would give a slight edge to on
teams.
One factor that immediatelyc
mind in football is the weath
ticularly at the end of the sea

victory
s. A look the weather man last night predicted
.t Michi- mild temperatures with no chance of
ame, the rain.
average The only other possible physical dif-
the rest ference is injuries. However, says El-
r vein. liott, Michigan's injury situation "is as
tatistics, good as its been all year." The Buckeyes,
ison and on the other hand, do have one key
ight ball player who is arquestionable starter.
Otis and That is Dirk Worden, linebacker. co-
D match captain and most valuable player in
1967.
homores,
io State The Wolverines are an amazingly
feel this confident, business-like team. They
pressure have played each game one at a time
hes both and have always had the attitude that
they would win. They are not cocky, just
7 sure. They know what every sportswriter
in the country doesn't; that they really
if pres- are good. And no matter: what is said
ing stars about Ohio State's sophs, it must be
for in- remembered that they have never faced
a team with the confidence and determ-
to what ination of Michigan,
e of the Buckeye opponents have done well in
the second half while the Wolverines
comes to have shown a remarkable ability to hit
ter, par- hard right at the start of the half. Ron
son. But Johnson's amazing performance against

away
Wisconsin last week is a tribute to .this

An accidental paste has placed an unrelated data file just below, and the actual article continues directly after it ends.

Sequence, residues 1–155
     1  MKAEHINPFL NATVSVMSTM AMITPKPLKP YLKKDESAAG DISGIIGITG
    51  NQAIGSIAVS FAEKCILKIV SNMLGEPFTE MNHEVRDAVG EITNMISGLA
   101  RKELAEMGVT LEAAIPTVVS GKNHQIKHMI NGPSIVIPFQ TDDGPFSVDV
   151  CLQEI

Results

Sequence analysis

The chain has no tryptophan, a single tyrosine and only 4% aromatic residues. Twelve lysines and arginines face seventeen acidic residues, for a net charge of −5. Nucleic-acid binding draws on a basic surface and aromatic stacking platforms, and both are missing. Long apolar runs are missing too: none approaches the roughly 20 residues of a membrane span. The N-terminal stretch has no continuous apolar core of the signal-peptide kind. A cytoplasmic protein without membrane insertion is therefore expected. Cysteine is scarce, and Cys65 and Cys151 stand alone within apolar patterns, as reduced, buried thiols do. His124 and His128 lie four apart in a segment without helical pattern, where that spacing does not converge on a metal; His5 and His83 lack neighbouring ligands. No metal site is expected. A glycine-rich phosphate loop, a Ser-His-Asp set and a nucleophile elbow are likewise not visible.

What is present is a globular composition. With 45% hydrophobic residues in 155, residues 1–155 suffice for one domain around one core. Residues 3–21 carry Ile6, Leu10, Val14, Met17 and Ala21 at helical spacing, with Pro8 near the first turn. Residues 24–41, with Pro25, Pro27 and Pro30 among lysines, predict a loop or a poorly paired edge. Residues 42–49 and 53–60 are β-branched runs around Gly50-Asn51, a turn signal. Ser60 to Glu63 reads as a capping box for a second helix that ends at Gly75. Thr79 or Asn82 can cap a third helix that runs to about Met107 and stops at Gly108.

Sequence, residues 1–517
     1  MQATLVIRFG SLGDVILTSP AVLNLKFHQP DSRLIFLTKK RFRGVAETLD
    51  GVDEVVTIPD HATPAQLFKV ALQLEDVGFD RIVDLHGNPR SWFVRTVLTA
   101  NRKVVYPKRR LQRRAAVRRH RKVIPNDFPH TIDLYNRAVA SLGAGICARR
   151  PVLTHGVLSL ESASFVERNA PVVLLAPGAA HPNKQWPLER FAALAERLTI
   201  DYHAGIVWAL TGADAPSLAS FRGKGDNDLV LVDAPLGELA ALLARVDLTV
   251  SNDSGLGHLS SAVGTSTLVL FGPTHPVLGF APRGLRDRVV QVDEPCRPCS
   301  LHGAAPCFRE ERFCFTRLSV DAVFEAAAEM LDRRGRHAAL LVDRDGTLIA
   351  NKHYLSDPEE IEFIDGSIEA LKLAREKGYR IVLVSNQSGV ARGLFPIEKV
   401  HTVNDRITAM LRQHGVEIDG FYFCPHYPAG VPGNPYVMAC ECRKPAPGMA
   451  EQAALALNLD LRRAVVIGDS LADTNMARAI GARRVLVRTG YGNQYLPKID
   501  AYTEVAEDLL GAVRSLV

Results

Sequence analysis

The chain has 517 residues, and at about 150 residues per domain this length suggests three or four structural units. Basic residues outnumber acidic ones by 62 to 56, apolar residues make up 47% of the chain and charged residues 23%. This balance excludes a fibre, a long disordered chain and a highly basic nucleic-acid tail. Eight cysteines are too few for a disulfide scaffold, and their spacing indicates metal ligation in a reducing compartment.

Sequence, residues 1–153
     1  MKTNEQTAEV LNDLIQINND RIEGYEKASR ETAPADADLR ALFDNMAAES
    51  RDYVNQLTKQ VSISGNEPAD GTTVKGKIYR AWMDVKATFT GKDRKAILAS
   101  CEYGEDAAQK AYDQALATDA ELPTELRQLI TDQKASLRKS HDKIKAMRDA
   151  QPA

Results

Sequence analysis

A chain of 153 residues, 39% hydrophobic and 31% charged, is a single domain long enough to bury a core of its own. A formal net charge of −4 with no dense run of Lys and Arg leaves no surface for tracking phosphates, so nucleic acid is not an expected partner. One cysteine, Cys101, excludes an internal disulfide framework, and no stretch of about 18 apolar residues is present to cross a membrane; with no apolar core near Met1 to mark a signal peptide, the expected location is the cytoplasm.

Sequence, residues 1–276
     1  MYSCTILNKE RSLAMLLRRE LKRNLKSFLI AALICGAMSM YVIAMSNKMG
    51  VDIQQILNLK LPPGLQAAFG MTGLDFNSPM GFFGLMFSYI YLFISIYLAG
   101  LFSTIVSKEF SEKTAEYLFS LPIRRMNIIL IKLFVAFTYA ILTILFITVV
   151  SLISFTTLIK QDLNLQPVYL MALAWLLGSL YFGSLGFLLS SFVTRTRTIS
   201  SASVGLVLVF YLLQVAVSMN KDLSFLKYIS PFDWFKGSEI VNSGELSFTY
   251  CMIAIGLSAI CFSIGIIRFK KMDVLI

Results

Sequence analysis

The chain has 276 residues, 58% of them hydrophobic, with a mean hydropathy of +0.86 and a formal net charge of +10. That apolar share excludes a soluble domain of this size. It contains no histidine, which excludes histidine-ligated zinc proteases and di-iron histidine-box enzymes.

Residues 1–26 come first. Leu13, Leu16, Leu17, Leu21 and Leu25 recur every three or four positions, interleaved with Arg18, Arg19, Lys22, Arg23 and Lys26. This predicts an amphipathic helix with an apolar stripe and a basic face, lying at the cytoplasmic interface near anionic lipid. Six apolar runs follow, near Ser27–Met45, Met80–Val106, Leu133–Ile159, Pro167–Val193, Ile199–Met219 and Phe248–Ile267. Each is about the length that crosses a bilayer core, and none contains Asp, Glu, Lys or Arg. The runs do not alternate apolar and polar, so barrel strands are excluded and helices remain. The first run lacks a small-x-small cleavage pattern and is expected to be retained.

fact.
One other factor that is also working
in Michigan's favor is that they are
underdogs, a position they have not ex-
perienced before during this season.
Even Sarkkinen admitted that it is bet-
ter to enter the game as a slight under-
dog. The Wolverines don't like to be
downgraded and the bookmakers have
only given them an added incentive.
Finally, there are also the many Ohio
players on the Michigan squad to be,
considered. Roughly one third of the
Michigan team hails from Ohio and
they'll be out to show Woody Hayes they
picked the right school.
So, who's going to win? That is really
about as smart a question as asking if
anyone has some tickets. The odds say
Ohio State by three, but the answer
given in Ann Arbor is a little different.
People in Columbus prefer to believe the
odds.
By five o'clock this afternoon the
question of the past month will be an-
swered and Southern Cal's opponent in
the Rose Bowl wil be decided. A bowl
of roses for the winner, a handful of
posies for the loser.

SirF

4:Iaity~

,,

.

-Daily-Andy Sack
Will it be the Johnson Bowl?

VOL. LXXIX, No. 74

Ann Arbor, Michigan-Saturday, Nqvember 23, 1968

Eight Pages;

BLASTS JUSTICE DEPT.:
TUll inve
promised
By STEVE NISSEN a prepared st
Ann Arbor Police Chief Walter The Daily las
Krasny yesterday promised "a full Eugene Staud
and proper investigation"of the time," Krasny
charges against his department official know]
which prompted Justice Dept. of- or who the ace
ficials to order an FBI probe of Krasny's sta
several citizen's complaints. tice Dept. of
Krasny's remarks were made in information a

stigation'

184

by

Krasny ji j

ADC
fine,

protesters
probation,

get
wo~rk

tatement released to surprised a United States Attor-
st night by Det. Lt. ney would release a story of this
denmier. "As of this nature to the press. We are always
stated, "we have no cautioned about prejudging a case
ledge of the charges by premature press releases," he
cusers are." added.
Atement blasted Jus-! The release of the story, Kras-
ficials for releasing ny claimed, "shows a lack of pro-
bout the case. "I am fessional courtesy on the part of
a U.S. Justice Dept. official."

!Kw 0 " I

Anti-poverty group